Latine organization ‘MESA’ brings sense of community to DePaul students


Jacqueline Cardenas

Shouts of support echoed inside the Latinx Cultural Center as roughly 25 Latine students sat in a circle introducing themselves during MESA’s first general body meeting on Jan 12.

“I’m from Perú!” one student said, “My family is from Mexico!” another said with pride. 

Rounds of applause and shouts of support echoed inside room 305 of the Latinx Cultural Center as roughly 25 Latine students sat in a circle introducing themselves during Movimiento Estudiantes de Solidaridad y Apoyo’s (MESA) first general body meeting of the year on Jan 12.

Students explained to each other why they came to the meeting. Many of them said they were looking for the same thing—a sense of community. 

MESA is a Latine centered cultural organization at DePaul that aims to provide social, professional and academic support to students as well as to help strengthen their cultural roots.

It was founded in February of last year by co-presidents Emily Vallejo and Evelyn Barrios. MESA has nine board members and has since grown its general membership. 

Evelyn Barrios (left) and Emily Vallejo (right) share their ideas with MESA members during their first general body meeting of the quarter. (Jacqueline Cardenas)

Vallejo says she wants Latine students to know that “your opinion is valuable, your presence on campus is super valuable and your experiences are valid.”

As the crowd’s buzzing conversations diminished, the co-presidents announced MESA’s upcoming events.

A “Champurrado y Chisme” event will be held on Jan 19 from 4:30 p.m. to 6:30 p.m in the Latinx Cultural Center, inside the O’Connell Building. 

Also, a screenprinting event will be on Jan 26 from 4 p.m. to 5 p.m. in the Schmitt Academic Center. 

A “Noche Internacional” event will take place on Feb. 9 from 5 p.m. to 6 p.m. in the Latinx Cultural Center. 

Barrios said one of MESA’s goals this year is to “create events that people are really passionate about and will look forward to and will find meaning in.”

Among other announcements, they included their efforts to create a magazine called MESA, featuring Latine artists. The organization also plans to host intramural soccer games Mondays and Tuesdays from 9 p.m. to 11 p.m, at the Ray Meyer Fitness Center located in DePaul’s Lincoln Park Campus.

Vallejo says MESA is returning this year “with more confidence” as general body members appear more receptive, though she still wants to work to keep members engaged.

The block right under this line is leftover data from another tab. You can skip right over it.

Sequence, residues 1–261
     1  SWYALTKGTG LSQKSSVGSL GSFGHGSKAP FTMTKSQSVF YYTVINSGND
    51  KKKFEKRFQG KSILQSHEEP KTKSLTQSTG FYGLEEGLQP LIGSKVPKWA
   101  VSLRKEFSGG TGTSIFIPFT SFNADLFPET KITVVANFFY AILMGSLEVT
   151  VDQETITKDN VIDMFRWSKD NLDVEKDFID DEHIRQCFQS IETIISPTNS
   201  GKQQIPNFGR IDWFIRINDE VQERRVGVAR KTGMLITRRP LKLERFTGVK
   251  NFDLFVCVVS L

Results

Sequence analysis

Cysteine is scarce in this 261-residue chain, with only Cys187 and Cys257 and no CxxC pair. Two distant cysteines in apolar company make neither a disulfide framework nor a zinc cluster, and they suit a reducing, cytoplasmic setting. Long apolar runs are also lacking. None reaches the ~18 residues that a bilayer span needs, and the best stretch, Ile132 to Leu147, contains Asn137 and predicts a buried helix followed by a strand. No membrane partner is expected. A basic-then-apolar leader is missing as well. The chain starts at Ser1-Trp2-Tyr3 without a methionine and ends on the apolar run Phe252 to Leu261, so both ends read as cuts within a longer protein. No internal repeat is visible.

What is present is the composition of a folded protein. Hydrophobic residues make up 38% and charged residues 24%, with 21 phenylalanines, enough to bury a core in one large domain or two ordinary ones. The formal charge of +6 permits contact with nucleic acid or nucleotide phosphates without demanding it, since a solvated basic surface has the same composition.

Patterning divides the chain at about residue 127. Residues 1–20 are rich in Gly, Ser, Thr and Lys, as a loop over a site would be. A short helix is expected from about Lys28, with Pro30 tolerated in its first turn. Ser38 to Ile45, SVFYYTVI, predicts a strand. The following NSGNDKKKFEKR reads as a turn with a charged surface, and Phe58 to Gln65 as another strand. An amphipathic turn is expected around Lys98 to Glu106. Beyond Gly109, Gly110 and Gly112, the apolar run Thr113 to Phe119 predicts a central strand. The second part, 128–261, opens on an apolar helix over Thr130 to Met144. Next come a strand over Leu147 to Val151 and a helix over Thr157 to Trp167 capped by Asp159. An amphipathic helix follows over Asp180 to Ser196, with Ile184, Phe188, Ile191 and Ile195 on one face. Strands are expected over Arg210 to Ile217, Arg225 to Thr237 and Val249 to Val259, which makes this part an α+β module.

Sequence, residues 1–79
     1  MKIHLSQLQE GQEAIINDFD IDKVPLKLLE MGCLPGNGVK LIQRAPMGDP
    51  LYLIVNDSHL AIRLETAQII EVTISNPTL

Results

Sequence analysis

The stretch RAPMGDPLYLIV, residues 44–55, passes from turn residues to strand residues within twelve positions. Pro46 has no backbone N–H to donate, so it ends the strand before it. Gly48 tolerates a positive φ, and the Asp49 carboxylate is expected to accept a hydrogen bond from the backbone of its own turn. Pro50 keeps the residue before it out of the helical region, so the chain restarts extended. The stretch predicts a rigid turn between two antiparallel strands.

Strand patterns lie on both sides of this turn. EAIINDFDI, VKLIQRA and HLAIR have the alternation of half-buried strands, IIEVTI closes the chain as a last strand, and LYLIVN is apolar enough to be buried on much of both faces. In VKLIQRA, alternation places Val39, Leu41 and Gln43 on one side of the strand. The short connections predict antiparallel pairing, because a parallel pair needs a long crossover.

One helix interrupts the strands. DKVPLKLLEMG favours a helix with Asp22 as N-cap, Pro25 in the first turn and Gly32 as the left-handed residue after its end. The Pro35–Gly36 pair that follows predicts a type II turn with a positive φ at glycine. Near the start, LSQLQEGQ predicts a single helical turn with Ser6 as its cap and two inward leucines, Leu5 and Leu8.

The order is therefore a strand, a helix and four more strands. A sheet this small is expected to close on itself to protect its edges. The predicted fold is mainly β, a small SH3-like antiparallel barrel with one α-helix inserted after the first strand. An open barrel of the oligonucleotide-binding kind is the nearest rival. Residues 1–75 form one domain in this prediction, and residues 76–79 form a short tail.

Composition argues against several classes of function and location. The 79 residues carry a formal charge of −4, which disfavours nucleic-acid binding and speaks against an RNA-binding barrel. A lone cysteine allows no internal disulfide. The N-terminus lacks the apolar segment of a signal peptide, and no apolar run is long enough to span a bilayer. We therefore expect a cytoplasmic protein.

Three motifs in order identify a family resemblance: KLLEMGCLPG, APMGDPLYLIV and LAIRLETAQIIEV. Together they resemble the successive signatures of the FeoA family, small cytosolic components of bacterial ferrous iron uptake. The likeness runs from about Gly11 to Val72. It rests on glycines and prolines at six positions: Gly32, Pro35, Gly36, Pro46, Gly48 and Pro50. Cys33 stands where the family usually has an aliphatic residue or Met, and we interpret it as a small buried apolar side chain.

Latine students have a roundtable discussion about creating a magazine and soccer team. (Jacqueline Cardenas)

Flavio Diaz, one of MESA’s Committee Leaders, said the most effective way to communicate with members is through social media and a GroupMe message chat that has accumulated around 100 members.

Diaz said even then, most of the communication happens through word of mouth.  

“We can’t communicate with every Latine student at DePaul so a lot of times members will bring their own friends to MESA,” Diaz said.

DePaul junior Vanesa León said she has attended previous MESA meetings and continues to show up because it is difficult to meet other Latine students in her classes as a commuter.

Nearly 20% of DePaul’s students are Hispanic, according to the university’s 2020 enrollment summary

León said as a first generation student, it can be challenging to navigate college life and professional jobs. She said MESA guides those students who “don’t know where to start.”

MESA is not the only Latine centered student organization at DePaul. There are also groups like Tepeyac, and sororities and fraternities like Gamma Phi Omega

MESA’s faculty advisor and Latinx Cultural Center Coordinator, Mariela Aranda, said that the organization has brought together graduate and undergraduate students across the university. 

“The group has expanded their vision for the impact they can have at DePaul,” Aranda said. 

MESA has also extended their outreach to the Latine community in Chicago. They created a clothing drive for migrants being bussed from the Texas-Mexico border last fall. 

Students can follow MESA on Instagram @mesa_depaul for event updates. 

Diaz said MESA’s mission is to help all Latine students and groups in Chicago.

“We are the future of not only our families but our communities as well,” Diaz said.